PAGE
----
Four days after an ice storm left hundreds of thousands of Texans without power, Governor Greg Abbott issued a disaster declaration for seven counties affected by severe weather.
Subzero temperatures combined with rain to produce a nasty storm that covered much of the Texas Hill Country in ice, bringing down tree branches and knocking down power lines. As of Saturday night, more than 60,000 homes were still without power.
“The State of Texas has provided all assistance requested during this week’s severe weather, and we continue to ensure that our state’s communities have the resources and support they need to recover from winter weather,” Abbott said in a statement.
Abbott issued the statement for Denton, Hays, Henderson, Milam, Smith, Travis and Williamson counties, all of which sustained significant damage over the past week. Abbott said more counties may be added based on damage assessments still ongoing.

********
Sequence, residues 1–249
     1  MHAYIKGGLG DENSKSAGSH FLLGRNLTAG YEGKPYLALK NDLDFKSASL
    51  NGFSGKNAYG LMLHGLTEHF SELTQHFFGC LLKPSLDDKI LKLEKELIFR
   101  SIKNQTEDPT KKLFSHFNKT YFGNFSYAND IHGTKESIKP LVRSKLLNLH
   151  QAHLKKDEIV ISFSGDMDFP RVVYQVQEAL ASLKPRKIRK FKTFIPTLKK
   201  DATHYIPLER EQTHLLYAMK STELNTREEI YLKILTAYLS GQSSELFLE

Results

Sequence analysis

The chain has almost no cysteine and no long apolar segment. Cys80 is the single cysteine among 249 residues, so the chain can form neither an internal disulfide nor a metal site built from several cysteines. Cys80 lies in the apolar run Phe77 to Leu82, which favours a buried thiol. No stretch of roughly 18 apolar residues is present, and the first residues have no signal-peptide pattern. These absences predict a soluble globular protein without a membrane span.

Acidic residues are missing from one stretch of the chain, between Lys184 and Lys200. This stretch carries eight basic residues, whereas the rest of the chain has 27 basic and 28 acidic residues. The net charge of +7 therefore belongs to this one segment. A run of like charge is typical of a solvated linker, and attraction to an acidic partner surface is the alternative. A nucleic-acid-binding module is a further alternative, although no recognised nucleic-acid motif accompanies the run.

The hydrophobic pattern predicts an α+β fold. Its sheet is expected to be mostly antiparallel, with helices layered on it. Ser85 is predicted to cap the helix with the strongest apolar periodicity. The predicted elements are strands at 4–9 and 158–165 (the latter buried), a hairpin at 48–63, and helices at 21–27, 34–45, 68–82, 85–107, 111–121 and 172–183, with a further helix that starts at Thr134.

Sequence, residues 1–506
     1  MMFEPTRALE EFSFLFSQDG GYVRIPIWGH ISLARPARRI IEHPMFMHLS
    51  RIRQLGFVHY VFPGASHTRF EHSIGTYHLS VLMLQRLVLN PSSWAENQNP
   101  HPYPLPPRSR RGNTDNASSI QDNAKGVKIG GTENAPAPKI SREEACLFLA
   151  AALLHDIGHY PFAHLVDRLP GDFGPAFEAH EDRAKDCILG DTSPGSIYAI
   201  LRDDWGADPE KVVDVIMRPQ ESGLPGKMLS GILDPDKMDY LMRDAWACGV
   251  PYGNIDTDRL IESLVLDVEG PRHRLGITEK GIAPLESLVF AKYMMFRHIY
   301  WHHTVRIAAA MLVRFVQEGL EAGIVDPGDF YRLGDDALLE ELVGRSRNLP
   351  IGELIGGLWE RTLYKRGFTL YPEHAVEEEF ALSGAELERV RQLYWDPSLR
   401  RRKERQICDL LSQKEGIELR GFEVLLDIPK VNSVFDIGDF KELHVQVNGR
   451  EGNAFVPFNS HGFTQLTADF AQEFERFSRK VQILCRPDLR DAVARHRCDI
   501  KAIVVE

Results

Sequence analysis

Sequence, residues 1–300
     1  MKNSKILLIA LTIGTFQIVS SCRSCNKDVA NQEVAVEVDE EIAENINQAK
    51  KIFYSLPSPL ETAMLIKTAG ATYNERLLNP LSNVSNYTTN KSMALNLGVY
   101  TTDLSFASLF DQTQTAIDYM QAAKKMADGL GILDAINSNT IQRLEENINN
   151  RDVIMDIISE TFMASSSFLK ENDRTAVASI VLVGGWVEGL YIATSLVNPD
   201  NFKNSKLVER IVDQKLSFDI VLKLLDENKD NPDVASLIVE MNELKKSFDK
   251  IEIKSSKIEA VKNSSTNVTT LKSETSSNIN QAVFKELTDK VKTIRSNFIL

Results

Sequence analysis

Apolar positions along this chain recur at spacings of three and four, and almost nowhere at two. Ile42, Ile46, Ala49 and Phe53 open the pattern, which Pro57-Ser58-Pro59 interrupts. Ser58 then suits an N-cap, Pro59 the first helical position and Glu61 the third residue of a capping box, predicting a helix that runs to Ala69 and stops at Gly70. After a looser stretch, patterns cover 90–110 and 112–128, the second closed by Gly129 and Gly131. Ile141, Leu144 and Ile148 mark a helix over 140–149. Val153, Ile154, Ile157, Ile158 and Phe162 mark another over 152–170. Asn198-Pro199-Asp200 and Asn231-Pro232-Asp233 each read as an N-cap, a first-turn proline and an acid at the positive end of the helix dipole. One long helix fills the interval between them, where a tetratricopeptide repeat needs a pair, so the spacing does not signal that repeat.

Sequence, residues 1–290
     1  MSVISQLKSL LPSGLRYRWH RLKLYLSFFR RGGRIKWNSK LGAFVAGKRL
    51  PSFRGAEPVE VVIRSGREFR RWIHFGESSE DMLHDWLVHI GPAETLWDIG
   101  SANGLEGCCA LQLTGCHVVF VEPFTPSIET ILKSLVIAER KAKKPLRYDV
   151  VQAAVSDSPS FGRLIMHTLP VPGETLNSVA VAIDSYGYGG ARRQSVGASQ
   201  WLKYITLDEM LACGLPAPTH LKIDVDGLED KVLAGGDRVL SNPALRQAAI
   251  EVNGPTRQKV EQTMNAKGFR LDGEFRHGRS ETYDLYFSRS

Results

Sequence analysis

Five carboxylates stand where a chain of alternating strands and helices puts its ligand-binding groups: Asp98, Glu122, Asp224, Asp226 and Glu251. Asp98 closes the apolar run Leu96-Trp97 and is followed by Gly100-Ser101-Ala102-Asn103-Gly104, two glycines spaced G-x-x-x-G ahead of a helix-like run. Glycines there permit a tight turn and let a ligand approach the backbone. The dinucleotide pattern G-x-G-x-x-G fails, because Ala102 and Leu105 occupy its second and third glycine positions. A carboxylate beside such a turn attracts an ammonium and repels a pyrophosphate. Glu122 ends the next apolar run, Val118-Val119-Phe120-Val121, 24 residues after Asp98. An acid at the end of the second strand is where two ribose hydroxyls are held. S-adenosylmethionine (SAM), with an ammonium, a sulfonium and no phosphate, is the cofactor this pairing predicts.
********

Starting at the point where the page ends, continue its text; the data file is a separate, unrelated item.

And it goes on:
Abbott said the declaration would allow the state to provide assistance to individuals and communities with property damage. He encouraged residents to report the damage, with details and photos if possible, through the Texas State Individual Assessment Tool survey .
The statement came after Austin officials faced criticism over the awkward communication about the storm and for not following through on initial promises of a speedy resolution of the outages.
Austin Mayor Kirk Watson and Austin Energy officials waited more than 24 hours after people began losing power to hold the first news conference. And hours after they spoke Thursday, the power provider backtracked on its estimate that power would be restored by the end of the third day of outages, adding to the sense of uncertainty. Finally, the city-owned utility said it could no longer promise when power would be fully restored.
Despite frustration at the initial slowness, progress has been made. Between Thursday and Saturday, power was restored to nearly 100,000 Austin customers.